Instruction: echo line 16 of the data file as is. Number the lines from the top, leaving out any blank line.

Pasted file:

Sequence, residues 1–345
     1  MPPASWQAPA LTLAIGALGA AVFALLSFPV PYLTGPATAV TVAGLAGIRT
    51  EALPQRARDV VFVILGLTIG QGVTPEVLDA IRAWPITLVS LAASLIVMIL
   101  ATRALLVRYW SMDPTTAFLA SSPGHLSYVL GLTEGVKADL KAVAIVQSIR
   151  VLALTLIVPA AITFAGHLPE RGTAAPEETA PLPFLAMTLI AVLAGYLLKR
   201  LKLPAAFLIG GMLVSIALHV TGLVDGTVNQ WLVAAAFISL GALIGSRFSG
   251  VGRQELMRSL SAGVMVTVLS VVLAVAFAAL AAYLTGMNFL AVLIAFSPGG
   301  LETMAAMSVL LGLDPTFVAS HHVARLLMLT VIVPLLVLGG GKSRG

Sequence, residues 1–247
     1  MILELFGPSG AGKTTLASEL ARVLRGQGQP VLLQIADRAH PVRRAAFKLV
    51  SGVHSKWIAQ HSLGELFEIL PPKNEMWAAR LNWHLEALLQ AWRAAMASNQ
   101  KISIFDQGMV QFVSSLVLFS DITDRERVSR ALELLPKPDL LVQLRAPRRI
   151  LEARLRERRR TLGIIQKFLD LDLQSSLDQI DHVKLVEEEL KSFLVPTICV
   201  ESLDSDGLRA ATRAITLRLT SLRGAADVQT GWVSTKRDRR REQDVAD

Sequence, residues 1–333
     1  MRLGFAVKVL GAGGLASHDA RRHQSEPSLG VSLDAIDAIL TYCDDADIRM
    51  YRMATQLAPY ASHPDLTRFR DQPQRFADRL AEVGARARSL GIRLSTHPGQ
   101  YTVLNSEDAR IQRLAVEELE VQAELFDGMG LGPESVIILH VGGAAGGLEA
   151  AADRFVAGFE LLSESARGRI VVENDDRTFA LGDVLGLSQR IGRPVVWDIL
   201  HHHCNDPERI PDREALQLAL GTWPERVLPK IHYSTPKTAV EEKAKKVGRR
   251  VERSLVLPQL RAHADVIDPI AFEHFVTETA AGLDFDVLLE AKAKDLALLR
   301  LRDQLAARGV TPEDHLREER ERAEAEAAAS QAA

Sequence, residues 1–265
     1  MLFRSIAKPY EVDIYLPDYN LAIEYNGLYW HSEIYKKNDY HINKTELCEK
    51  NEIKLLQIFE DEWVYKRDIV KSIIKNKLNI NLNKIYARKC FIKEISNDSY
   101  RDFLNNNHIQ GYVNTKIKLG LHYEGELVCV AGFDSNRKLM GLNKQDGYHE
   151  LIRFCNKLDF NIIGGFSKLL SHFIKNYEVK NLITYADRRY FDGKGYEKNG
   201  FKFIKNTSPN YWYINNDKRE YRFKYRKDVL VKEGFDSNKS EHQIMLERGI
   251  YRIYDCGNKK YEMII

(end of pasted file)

     1  MRLGFAVKVL GAGGLASHDA RRHQSEPSLG VSLDAIDAIL TYCDDADIRM